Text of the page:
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Industry analyst says 38 Studios game assets only worth $20M

BLOOMBERG FILE PHOTO/TONY AVELAR
MICHAEL PACHTER, managing director of equity research at Los Angeles-based Wedbuch Securities told gaming-publication Joystiq that 38 Studios' intellectual property is worth only $20 million.
Posted 5/23/12

PROVIDENCE – Michael Pachter, managing director of equity research at Los Angeles-based Wedbuch Securities told gaming-publication Joystiq that 38 Studios' intellectual property is worth only $20 million, $10 million less than he previously estimated.

The gaming company, which was lured to Providence with a state $75 million loan guarantee, laid off an undisclosed number of employees after it missed payroll last week. 38 Studios managed to make an overdue $1.125 million payment to the state on Friday.

The $1.125 million guarantee fee, which is 1.5 percent of the outstanding loan amount, was due May 1.

Global sales of 38 Studios’ first game - Kingdoms of Amalur: Reckoning - have reached 1.15 million at $60 each since its release in February, according to market-research company VGChartz.

The $75 million in funds from the state did not go toward the development of Amalur, but toward the larger MMO – massively multiplayer online game – Project Copernicus, which is slated to be released in June 2013.

"Nobody is buying MMOs after Star Wars fizzled. I think value is low, probably $20 million or so," Pachter told Joystiq. Not clear of the connection here. "There is just no demand for game assets right now.”

Furthermore, Electronic Arts, the publisher for Kingdoms of Amalur, has yet to confirm that it would publish the teetering company’s MMO.

Last week, Pachter told Providence Business News that even if 38 Studios doesn’t ultimately dominate the massive multiplayer online-game market, there is no reason the company should be running out of cash so early in its development.

“I find it unfathomable that they don’t have any cash,” Pachter said. “For Kingdoms of Amalur alone they should have $30 million in revenue coming in. … I can’t believe they can’t raise enough money for a $1 million loan payment.”

The relatively small size of the missed guarantee fee payment compared with the size of the loan and anticipated revenue have raised the question of why 38 Studios could not get private investment to cover any cash-flow issues and whether their $1.125 million default was tactical.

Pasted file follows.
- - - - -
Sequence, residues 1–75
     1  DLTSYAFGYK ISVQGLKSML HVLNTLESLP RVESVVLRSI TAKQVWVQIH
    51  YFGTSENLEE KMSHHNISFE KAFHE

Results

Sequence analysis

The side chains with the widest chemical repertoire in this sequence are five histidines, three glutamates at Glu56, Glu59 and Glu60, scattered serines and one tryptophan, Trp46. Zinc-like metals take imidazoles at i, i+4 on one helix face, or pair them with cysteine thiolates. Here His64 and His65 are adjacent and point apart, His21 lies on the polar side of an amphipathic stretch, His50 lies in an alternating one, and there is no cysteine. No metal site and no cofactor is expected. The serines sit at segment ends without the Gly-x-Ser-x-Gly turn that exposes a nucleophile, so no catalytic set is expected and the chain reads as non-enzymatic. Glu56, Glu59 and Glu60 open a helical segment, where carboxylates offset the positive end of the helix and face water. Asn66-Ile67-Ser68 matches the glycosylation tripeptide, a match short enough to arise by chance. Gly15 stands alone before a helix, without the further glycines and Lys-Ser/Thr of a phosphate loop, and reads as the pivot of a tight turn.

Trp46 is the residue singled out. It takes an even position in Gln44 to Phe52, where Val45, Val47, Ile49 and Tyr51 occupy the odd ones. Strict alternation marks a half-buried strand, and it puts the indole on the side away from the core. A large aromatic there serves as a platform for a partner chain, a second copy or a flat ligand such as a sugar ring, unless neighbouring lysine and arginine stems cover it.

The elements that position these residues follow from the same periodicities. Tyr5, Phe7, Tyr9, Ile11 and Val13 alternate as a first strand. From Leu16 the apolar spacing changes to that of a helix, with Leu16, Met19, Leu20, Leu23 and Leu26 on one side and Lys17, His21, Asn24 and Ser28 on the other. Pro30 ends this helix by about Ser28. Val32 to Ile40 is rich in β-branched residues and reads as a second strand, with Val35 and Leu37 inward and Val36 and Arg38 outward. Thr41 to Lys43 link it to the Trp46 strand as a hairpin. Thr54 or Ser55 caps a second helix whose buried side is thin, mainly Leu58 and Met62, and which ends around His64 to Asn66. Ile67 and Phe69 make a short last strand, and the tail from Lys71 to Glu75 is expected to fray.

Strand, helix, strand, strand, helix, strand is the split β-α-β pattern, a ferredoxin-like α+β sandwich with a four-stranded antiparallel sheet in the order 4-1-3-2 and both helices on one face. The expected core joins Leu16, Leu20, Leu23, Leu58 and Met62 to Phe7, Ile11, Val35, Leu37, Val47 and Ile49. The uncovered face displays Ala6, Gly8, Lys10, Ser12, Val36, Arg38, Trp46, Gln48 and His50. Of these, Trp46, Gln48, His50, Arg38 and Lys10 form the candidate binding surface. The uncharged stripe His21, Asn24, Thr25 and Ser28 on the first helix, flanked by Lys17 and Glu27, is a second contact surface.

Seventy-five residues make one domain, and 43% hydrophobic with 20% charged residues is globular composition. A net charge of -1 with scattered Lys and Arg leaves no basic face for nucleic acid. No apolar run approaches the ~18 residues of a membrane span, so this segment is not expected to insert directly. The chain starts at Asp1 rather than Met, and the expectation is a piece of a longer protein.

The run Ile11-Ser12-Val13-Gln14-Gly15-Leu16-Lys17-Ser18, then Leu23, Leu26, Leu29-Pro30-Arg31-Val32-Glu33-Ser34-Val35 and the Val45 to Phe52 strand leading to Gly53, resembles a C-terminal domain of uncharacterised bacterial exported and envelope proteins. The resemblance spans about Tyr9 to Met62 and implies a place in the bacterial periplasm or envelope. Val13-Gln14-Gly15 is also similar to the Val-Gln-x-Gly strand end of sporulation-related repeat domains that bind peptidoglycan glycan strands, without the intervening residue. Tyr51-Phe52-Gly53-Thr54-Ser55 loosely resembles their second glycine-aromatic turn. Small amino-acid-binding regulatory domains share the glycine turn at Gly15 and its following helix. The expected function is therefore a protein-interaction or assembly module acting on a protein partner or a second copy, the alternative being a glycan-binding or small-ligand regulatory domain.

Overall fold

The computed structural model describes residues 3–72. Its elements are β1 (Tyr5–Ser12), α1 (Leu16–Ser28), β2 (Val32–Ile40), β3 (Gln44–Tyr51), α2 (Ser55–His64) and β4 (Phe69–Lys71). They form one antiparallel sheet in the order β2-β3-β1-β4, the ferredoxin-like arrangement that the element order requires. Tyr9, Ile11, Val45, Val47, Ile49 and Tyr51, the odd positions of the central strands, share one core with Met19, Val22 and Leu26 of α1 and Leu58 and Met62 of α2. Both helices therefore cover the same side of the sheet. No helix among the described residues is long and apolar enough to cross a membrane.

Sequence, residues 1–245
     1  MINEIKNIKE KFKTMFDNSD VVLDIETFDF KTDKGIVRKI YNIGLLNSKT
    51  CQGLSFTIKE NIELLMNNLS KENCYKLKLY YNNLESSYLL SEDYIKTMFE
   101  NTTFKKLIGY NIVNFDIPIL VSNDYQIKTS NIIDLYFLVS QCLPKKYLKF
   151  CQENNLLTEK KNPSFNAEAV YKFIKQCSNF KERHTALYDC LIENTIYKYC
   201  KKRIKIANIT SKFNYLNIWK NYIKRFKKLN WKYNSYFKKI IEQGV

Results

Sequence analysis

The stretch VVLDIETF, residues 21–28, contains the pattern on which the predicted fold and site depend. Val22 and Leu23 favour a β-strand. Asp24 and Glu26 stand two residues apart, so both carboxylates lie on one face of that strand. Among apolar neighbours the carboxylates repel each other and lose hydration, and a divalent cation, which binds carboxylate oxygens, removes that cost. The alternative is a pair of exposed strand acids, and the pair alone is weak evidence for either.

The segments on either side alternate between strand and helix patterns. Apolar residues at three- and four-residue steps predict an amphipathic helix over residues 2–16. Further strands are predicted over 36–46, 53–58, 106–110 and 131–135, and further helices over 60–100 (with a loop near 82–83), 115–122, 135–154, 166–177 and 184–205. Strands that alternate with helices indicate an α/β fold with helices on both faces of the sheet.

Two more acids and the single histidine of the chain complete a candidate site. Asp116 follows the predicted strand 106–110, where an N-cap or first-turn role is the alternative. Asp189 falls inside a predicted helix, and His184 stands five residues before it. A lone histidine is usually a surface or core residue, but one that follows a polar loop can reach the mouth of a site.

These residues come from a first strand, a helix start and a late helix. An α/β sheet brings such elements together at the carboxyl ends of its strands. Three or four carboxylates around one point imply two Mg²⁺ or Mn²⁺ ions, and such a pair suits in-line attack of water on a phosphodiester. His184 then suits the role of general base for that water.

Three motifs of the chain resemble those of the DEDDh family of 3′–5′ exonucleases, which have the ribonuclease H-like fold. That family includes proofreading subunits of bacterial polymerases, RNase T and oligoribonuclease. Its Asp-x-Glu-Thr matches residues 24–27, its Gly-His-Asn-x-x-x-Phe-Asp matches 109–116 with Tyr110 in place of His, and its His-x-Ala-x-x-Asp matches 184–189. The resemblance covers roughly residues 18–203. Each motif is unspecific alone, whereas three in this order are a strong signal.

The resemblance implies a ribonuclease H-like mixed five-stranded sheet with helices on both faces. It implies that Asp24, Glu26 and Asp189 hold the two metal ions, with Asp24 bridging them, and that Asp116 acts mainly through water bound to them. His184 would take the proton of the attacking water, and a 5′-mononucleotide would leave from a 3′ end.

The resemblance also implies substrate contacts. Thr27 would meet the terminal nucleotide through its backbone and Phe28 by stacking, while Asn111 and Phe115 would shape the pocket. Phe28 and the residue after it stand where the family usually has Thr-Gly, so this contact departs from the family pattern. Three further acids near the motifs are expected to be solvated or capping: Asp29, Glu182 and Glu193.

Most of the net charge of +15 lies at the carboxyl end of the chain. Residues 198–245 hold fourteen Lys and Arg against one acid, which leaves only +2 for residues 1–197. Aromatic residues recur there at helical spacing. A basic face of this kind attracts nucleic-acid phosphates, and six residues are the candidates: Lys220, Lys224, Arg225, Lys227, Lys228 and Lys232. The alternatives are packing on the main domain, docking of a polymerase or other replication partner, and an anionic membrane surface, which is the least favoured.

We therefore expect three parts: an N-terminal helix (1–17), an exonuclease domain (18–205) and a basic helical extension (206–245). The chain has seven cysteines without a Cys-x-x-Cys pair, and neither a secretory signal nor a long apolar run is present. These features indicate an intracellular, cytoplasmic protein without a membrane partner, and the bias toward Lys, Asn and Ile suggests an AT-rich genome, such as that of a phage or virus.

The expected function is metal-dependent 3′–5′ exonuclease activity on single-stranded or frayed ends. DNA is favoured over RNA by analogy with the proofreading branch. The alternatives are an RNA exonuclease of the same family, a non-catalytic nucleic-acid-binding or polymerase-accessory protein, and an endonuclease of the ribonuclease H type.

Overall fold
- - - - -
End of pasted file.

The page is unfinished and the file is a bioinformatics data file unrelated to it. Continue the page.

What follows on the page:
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richard@langseth.com

$20 million is probably high. It is not clear how the KOA revenues end up in 38 Studios, LLC. It appears likely to me that Mercury Project LLC interfaced with Electronic Arts not 38 Studios. Throw in a couple of other LLCs and you have LLC hash. All these LLCs revealed by EDC earlier this week create a nightmare when dealing with tax credits. None of them qualify for tax credits in Rhode Island

Here's what the bloggers are saying about the value of the single user game in the gaming blogs:

15/05/2012 at 15:50 Vagrant says:

One you add in the publisher’s cut, the console maker’s cut, and distribution costs, you get a much smaller slice of the pie. If this random google result is to be believed, ( http://unrealitymag.com/index.php/2011/04/29/how-your-60-video-game-is-chopped-up/ ) then the developer only got about $3m out of the game. I’d expect at most $5m.

I do think there’s something wrong with expectations among developers, though. It’s not hard to do the math and figure out how much your game is likely to sell based off industry statistics. If they honestly expected 1 million units sold, there’s the original problem.

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15/05/2012 at 15:56 Shuck says:

The problem was that they needed more like 4 million sales. (Which is extremely unlikely for a non-sequel made by a new studio.)

One million sales is pretty much the minimum required to just break even on a AAA-level game (about 30 people working for 3 years, plus some minimal marketing). You want to do an expansive open-world game with modern graphics? Double, at least, the required sales needed to cover costs.

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